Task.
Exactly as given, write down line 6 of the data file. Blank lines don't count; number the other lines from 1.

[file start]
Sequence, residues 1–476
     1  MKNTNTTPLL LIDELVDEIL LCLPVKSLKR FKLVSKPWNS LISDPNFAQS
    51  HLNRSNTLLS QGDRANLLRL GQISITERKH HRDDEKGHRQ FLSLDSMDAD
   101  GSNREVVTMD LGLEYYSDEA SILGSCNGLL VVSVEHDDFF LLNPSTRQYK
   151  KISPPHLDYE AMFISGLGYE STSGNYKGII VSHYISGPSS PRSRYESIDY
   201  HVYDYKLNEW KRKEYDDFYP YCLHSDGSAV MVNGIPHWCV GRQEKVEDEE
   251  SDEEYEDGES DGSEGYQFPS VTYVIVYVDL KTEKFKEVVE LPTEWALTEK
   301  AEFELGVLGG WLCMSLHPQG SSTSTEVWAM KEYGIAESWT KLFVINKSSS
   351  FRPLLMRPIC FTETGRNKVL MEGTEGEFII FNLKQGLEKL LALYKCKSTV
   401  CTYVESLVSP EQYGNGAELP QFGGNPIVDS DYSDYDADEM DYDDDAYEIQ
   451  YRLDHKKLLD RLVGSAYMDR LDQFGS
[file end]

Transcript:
   201  HVYDYKLNEW KRKEYDDFYP YCLHSDGSAV MVNGIPHWCV GRQEKVEDEE